Clinical Trials

Clinical trials are only carried out when there is evidence that it will result in a new medication or treatment that will benefit patients. The procedure can be carried out by either using an in-house research team.

However, most market-leading pharmas prefer outsourcing it to third-party companies like Novotech CRO. This is mainly because professional CRO firms produce a more reliable and robust result compared to conventional in-house practices.           

Clinical trials generally consist of 5 phases:

  • Phase 0: Only a small number of participants take part in Phase 0 which is entirely focused on learning how a drug is processed in the body. In this initial phase, only a very small dose of medication is given to participants and it determines whether it is worthwhile continuing on with the clinical trial.
  • Phase I: This phase includes anywhere from 10-100 participants who have no underlying health issues, and focuses on the drug’s safety and the best way to administer it. Phase I works out the safest dosage of the medication – the highest dosage that can be taken with the least amount of side effects. It also studies how the drug will interact with other medications. Smaller dosages of the drug are given to a group of participants, while a larger dosage is given to another group and so on and so forth, until noticeable side effects take place. This phase takes place over several months.
  • Phase II: Includes 100-300 participants and further studies the effects and safety of the drug. The participants in Phase II are living with the condition the medication is supposed to treat (most often Cancer). This phase takes place over several months.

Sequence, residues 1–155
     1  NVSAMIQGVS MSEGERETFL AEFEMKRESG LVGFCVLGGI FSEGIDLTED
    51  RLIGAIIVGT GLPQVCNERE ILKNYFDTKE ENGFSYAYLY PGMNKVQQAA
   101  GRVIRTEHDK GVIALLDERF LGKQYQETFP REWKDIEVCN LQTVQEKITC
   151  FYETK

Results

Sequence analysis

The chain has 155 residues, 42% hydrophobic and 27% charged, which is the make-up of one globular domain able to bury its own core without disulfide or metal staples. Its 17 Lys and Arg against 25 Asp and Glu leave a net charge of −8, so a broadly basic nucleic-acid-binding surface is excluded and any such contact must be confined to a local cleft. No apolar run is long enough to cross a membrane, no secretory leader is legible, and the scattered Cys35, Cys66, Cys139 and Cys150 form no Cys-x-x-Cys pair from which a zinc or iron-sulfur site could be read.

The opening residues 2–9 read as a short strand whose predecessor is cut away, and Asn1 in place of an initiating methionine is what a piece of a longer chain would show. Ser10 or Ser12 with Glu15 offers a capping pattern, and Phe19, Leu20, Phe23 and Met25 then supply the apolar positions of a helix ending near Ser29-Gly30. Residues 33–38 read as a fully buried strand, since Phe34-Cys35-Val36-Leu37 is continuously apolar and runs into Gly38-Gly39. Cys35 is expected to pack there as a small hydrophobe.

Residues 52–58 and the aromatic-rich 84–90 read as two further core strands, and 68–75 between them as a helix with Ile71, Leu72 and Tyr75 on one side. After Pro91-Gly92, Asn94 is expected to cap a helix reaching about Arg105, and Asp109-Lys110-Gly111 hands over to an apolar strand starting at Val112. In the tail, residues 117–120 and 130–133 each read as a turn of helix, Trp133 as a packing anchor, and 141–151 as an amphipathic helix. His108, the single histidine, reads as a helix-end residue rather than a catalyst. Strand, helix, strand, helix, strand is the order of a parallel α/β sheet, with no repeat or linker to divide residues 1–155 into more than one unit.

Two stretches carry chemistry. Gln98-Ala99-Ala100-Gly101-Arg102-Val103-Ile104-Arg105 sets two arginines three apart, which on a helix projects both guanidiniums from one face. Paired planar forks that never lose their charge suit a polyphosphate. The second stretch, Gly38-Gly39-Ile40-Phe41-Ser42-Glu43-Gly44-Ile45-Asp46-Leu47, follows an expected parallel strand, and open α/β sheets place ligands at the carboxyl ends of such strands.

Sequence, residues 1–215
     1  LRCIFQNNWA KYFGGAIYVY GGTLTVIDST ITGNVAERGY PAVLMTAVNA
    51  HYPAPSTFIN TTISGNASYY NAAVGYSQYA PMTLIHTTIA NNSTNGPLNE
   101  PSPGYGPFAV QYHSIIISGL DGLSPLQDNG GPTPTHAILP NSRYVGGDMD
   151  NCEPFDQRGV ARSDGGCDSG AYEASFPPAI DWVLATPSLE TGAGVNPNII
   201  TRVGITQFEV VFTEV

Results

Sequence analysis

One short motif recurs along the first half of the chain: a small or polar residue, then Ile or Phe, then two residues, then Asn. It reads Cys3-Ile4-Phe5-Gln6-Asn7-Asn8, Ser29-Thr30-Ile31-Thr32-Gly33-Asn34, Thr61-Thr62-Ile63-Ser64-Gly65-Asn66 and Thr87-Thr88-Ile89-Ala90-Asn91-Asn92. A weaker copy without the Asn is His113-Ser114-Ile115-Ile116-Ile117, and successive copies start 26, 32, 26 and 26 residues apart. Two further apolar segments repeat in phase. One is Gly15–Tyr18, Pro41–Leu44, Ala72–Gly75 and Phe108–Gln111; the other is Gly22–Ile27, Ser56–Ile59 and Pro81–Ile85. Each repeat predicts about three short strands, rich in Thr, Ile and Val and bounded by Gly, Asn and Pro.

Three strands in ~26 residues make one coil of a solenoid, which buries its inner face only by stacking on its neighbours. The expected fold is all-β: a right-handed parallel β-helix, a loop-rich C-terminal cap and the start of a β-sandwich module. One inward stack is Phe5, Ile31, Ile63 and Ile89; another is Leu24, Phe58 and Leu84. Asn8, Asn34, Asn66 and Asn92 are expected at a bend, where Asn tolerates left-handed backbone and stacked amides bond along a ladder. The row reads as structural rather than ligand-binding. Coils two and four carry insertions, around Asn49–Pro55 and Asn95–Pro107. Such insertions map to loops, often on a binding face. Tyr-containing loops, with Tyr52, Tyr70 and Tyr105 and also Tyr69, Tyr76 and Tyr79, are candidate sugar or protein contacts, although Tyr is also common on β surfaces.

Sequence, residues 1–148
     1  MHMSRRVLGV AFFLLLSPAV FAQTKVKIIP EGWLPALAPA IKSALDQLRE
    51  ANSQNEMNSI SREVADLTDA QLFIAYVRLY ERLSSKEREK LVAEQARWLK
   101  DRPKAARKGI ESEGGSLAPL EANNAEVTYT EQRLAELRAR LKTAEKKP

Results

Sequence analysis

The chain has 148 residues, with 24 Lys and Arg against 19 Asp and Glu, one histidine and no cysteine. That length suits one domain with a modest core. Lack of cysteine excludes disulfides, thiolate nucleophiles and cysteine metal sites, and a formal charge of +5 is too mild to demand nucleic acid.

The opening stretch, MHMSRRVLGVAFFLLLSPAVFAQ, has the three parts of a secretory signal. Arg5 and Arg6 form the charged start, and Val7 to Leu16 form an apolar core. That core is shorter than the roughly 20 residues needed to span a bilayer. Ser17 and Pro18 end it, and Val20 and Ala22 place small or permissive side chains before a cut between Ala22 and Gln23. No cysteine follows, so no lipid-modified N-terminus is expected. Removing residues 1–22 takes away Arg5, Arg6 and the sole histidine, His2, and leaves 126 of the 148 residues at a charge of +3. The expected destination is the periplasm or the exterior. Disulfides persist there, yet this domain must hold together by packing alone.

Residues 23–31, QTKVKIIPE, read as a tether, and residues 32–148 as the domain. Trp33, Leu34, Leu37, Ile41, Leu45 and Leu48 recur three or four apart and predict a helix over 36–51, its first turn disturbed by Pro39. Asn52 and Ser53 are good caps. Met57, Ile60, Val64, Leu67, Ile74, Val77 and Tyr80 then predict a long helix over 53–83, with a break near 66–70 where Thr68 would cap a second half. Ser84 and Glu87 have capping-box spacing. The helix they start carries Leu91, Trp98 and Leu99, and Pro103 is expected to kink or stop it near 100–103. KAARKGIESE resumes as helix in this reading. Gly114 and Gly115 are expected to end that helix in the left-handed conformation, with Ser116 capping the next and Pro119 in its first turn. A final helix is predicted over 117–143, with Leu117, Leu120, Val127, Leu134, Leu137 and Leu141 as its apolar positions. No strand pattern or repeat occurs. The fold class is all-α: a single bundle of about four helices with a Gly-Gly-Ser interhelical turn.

• Phase III: Includes thousands of participants and evaluates how new medication works in comparison to existing medications (side effects and effectiveness). Phase III is carried out by a process of randomisation; participants are given either the standard-of-care drugs or the new treatment. Neither the participants or the researchers know which medication is given to which group which eliminates any bias. Risks are assessed to see if they outweigh the benefits. The information gathered during this phase helps the Therapeutic Goods Administration (TGA) decide whether the new drug should be registered for use in Australia. Phase III can last for several years.
  • Phase IV: Phase IV includes thousands of participants and takes place after the drug has already been approved by the Therapeutic Goods Administration (TGA). This phase identifies how well the medication works when it is more widely distributed and monitors the long-term benefits and side effects (more in-depth research). It also establishes how and when the new medication is best used and observes how the medication performs in regular medical settings rather than in a controlled clinical trial.

Each phase in a clinical trial has a crucial part to play in deciding which new medications and treatments get approved.